The swingometer is a graphics device that shows the effects of the swing from one party to another on British election results programmes.It is used to estimate the number of seats that will be won by different parties, given a particular national swing (in percentage points) in the vote towards or away from a given party, and assuming that that percentage change in the vote will apply in each constituency. The device was invented by Peter Milne, and later refined by David Butler and Robert McKenzie.
The first outing on British television was during a regional output from the BBC studios in Bristol during the 1955 general election (the first UK general election to be televised) and was used to show the swing in the two constituencies of Southampton Itchen and Southampton Test.
Following this use in 1955, the BBC adopted the swingometer on a national basis and it was unveiled in the national broadcasts for the 1959 general election. This swingometer merely showed the national swing in Britain but not the implications on that swing on the composition of parliament. These issues were not addressed until the 1964 general election.
The swingometer for that election showed not only the national swing, but also the implications of that national swing. So for instance, a 3.5% swing to Labour would see Labour become a majority government whilst any swing to the Conservatives would see Sir Alec Douglas-Home reelected as Prime Minister with a huge parliamentary majority. In the end the result was a Labour overall majority of 4, and so when the 1966 general election came around, a new element had to be added (namely the prospect of a hung parliament).
At the 1970 general election, the swingometer entered the age of colour television and showed the traditional party colours of red for Labour and blue for Conservative and had to be extended due to the success of the Conservative party at that election.
However, following the success of the Liberals in the by-elections held between the 1970 and February 1974 general elections, the swingometer was reduced in scale to just a small standby as the computers used by the BBC were deemed more reliable. As the Liberal Party reduced in importance the swingometer was brought back for the 1979 general election but for the 1983 and 1987 general elections computers were introduced to show changes in support in both map and graphic form.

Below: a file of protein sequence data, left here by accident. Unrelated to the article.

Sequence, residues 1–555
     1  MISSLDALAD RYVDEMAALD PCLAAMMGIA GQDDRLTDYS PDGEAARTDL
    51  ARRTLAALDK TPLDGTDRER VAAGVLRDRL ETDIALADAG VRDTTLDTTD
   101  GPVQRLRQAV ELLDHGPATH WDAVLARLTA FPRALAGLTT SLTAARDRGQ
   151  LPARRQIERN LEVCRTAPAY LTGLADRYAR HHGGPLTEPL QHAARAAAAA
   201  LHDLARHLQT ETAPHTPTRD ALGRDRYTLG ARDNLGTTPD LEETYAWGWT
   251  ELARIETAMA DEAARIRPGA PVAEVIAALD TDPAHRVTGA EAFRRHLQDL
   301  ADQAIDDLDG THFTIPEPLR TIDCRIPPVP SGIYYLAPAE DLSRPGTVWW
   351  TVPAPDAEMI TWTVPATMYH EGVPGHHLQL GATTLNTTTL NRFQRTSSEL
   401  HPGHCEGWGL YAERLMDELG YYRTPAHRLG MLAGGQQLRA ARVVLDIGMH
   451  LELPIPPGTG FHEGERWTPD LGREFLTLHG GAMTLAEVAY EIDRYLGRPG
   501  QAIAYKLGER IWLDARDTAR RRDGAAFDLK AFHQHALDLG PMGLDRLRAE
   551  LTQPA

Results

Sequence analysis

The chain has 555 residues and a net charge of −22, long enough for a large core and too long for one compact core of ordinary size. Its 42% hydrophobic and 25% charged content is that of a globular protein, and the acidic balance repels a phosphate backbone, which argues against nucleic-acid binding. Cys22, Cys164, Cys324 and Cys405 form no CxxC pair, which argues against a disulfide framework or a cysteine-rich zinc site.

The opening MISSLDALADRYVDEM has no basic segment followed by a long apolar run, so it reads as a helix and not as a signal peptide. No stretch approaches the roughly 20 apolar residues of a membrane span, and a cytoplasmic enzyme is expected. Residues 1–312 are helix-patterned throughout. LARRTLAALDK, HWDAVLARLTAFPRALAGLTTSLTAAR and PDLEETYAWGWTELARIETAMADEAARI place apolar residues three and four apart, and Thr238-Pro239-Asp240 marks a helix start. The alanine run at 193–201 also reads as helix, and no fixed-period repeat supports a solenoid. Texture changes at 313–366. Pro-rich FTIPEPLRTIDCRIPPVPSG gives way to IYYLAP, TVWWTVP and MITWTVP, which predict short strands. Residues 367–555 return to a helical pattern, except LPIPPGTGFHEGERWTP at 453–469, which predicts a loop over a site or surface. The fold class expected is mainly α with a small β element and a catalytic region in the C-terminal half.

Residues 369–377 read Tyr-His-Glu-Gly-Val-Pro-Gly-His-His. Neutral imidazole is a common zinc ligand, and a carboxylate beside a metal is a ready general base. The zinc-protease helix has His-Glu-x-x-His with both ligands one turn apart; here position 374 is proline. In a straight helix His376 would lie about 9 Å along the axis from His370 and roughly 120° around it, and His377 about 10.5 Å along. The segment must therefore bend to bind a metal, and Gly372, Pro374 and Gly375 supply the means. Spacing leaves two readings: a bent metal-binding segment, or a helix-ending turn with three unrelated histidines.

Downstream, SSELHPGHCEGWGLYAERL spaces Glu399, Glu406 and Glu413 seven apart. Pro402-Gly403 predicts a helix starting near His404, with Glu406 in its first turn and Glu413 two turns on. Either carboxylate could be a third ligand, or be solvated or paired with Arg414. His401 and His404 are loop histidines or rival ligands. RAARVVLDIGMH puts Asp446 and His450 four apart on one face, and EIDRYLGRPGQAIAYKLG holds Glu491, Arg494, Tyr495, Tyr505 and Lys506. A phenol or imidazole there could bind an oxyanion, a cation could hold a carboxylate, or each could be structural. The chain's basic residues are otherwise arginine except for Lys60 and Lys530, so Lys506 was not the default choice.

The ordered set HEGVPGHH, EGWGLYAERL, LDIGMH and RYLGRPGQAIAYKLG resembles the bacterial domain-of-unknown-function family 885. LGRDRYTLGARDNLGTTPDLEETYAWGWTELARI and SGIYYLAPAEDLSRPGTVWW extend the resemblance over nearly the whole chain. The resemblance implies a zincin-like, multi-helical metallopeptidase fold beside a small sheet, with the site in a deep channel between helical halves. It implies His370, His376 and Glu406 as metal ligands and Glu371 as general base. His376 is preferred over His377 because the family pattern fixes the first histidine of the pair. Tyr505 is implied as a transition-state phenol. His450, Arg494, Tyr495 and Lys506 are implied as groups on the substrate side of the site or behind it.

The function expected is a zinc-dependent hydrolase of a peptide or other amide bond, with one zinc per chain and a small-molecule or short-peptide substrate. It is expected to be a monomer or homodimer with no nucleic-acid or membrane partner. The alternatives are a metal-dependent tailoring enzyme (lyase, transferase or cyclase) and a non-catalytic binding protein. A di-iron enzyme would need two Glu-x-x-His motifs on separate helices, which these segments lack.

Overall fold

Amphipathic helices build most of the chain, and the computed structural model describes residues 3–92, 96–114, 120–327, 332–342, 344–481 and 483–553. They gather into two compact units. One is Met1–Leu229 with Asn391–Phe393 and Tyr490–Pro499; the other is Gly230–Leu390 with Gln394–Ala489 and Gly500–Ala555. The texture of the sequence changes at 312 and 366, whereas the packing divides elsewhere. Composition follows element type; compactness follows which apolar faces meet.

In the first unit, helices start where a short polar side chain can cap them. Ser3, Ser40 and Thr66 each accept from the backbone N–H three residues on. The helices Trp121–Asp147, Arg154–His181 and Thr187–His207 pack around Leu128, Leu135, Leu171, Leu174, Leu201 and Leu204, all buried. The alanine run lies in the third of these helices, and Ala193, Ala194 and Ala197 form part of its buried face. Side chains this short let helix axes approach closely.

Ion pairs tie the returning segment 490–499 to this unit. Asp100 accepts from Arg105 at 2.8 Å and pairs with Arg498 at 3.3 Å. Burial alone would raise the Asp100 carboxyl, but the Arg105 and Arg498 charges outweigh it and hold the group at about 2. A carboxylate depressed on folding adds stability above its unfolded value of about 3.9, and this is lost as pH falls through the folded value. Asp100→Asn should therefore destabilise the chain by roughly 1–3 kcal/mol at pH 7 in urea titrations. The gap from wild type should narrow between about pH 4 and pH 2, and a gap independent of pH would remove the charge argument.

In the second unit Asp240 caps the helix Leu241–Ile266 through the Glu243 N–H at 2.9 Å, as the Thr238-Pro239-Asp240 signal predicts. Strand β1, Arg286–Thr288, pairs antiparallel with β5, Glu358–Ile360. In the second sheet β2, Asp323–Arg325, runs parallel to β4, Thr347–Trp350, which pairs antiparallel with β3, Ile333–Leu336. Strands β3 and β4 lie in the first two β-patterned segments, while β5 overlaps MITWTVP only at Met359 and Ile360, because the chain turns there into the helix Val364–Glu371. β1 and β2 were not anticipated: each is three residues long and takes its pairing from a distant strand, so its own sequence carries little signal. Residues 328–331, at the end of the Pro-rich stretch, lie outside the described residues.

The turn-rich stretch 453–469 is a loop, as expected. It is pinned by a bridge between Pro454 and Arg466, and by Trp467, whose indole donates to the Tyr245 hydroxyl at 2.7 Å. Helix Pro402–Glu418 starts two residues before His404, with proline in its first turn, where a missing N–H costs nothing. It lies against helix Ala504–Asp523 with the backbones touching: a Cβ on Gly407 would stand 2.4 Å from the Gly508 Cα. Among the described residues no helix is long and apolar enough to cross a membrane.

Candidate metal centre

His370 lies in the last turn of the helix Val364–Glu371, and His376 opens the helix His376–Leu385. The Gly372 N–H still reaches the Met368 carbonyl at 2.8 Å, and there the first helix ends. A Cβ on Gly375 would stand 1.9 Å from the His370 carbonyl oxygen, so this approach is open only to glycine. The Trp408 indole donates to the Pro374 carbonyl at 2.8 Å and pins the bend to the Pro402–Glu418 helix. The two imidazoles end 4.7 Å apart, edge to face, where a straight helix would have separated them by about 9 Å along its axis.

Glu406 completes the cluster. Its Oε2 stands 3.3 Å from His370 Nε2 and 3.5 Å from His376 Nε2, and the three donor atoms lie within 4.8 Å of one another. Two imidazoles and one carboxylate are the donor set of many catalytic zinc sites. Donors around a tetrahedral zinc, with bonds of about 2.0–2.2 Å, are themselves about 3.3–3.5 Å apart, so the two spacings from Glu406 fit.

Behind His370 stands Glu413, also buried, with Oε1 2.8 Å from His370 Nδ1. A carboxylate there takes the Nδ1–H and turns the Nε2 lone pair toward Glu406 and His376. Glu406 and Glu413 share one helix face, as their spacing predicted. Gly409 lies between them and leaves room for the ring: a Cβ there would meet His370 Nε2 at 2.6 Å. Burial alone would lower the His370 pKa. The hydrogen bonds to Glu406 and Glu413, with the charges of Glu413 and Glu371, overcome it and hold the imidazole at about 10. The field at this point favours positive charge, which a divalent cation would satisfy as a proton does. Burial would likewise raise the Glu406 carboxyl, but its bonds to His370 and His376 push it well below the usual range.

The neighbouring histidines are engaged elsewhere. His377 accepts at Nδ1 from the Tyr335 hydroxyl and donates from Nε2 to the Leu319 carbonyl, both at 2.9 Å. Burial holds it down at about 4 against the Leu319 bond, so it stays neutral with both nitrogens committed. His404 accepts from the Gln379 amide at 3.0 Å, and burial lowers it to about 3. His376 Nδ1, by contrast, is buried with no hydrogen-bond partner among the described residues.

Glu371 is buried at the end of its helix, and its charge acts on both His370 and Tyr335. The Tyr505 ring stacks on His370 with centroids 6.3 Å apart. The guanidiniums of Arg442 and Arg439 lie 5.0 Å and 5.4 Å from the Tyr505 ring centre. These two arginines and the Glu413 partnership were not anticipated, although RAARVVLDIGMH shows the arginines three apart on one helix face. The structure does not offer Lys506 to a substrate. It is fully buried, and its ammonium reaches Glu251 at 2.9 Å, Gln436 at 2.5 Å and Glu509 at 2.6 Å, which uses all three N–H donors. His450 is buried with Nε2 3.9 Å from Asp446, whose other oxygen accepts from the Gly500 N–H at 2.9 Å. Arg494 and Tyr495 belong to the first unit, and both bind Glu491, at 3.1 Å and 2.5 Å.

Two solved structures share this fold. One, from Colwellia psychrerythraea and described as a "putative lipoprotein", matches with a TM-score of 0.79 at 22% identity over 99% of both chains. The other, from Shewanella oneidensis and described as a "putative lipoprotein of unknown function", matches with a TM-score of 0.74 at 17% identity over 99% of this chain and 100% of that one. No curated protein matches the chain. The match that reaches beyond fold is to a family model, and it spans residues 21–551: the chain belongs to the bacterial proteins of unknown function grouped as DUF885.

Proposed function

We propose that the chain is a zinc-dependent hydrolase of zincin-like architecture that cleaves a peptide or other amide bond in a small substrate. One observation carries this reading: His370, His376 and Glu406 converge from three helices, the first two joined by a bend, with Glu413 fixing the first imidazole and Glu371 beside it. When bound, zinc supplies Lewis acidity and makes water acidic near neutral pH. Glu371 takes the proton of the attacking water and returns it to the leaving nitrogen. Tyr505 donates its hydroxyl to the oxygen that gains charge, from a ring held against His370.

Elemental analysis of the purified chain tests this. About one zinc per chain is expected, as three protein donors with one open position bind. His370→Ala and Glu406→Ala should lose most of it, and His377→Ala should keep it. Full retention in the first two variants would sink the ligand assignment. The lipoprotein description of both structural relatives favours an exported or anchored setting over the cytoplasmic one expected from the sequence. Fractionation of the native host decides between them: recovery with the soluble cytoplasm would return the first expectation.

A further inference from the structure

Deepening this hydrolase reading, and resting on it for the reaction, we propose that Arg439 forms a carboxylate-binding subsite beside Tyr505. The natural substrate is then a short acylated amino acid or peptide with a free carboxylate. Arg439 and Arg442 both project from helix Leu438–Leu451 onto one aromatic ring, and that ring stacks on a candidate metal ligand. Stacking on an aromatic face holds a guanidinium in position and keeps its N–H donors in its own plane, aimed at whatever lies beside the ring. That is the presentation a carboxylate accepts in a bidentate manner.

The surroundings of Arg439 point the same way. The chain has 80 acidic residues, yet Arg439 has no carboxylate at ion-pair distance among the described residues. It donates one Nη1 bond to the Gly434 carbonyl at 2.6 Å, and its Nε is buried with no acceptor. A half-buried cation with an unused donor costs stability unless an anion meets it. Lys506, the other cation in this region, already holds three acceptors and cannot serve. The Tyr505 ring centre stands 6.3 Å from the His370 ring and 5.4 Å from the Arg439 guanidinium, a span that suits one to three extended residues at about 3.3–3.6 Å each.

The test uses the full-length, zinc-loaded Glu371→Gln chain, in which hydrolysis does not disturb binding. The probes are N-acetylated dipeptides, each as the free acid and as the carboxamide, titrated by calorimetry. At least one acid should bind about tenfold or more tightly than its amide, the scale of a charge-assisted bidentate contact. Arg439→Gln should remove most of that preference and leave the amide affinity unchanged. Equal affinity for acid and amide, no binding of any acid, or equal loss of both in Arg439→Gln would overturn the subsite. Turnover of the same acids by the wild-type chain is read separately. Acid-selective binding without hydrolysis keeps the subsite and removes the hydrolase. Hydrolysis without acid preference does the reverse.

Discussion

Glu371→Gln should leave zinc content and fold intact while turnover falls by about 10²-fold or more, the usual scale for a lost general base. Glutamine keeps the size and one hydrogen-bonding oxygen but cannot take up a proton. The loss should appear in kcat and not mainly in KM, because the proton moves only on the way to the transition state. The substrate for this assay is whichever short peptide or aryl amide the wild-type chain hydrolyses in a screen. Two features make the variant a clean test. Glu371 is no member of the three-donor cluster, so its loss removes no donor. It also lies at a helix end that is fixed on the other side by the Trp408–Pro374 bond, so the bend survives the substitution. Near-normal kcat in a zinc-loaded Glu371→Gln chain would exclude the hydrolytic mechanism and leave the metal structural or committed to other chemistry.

The swingometer was brought back for the 1992 general election covering the whole side of the election studio and also had to be manhandled by at least four technicians as well as Peter Snow who had taken over the election graphics role following the death of Bob McKenzie. This swingometer was too big for comfort and in 1997 started on a shrinking process and was changed from an actual swingometer to a virtual reality construct. For the 2001 general election the graphic was reduced further. Following a few experiments in the United Kingdom local elections in 2003 and 2004 the swingometer for the next election in 2005 was held on virtual structs as well as swingometers for the Labour and Liberal Democrats parties.
An online version of the swingometer, featuring Labour and the Conservatives only, was introduced on the BBC News website at the 2001 general election. In 2005 the online swingometer was substantially re-designed to include versions featuring the Liberal Democrats, plus information on specific constituencies - including "VIP" seats - won/ lost on different swings. For the 2010 general election, the swingometer was placed in a completely virtual environment and repositioned to appear on the back wall of the virtual studio, with named constituencies as opposed to virtual MPs. All three swingometers were updated (Con / Lab, Con / Lib Dem, Lab / Lib Dem) in this manner.
The 3D swingometer is used to illustrate the shift in election results from the previous election in a three-party system. It is similar to the "2D" swingometer used in two-party system elections, but uses the extra dimension to allow swings to occur among three parties.
The sum of all the swings between parties must equal zero. In a three party system, the most complicated swings will involve a major swing either to or from one political party, with this swing being made up of two components from each of the other two parties. For instance there may be a 3-point swing towards the Purple party, consisting of a 2-point swing from the Orange party and a 1-point swing from the Brown party. Alternatively, there may be a 5-point swing from the Orange party, of which 3 points are towards the Brown party and 2 towards the Purple party.
It is possible to split the swing space up into different regions indicating what the result would be if the swing indicated occurred linearly across the electorate. This gives rise to four regions: one each indicating overall control for each party, and a fourth region indicating no overall control.
Where there are swings directly from one party to a second party with the third party's vote remaining unchanged, the 3D swingometer clearly indicates that the third party also benefits slightly from the reduction in vote of the first party.
The three dimensions consist of the two used to create the swing space and the third for the pendulum to swing in.
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